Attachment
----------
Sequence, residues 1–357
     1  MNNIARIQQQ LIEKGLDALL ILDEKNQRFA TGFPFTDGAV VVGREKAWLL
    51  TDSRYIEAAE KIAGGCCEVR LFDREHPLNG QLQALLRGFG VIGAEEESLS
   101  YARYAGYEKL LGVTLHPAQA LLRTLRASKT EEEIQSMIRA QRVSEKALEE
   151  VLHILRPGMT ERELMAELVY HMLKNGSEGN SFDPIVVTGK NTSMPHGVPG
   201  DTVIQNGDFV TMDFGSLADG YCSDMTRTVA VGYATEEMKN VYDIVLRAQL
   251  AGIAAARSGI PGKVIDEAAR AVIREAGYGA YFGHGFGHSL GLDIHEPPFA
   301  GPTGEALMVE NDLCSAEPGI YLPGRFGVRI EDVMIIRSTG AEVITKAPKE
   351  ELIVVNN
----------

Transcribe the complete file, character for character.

Sequence, residues 1–357
     1  MNNIARIQQQ LIEKGLDALL ILDEKNQRFA TGFPFTDGAV VVGREKAWLL
    51  TDSRYIEAAE KIAGGCCEVR LFDREHPLNG QLQALLRGFG VIGAEEESLS
   101  YARYAGYEKL LGVTLHPAQA LLRTLRASKT EEEIQSMIRA QRVSEKALEE
   151  VLHILRPGMT ERELMAELVY HMLKNGSEGN SFDPIVVTGK NTSMPHGVPG
   201  DTVIQNGDFV TMDFGSLADG YCSDMTRTVA VGYATEEMKN VYDIVLRAQL
   251  AGIAAARSGI PGKVIDEAAR AVIREAGYGA YFGHGFGHSL GLDIHEPPFA
   301  GPTGEALMVE NDLCSAEPGI YLPGRFGVRI EDVMIIRSTG AEVITKAPKE
   351  ELIVVNN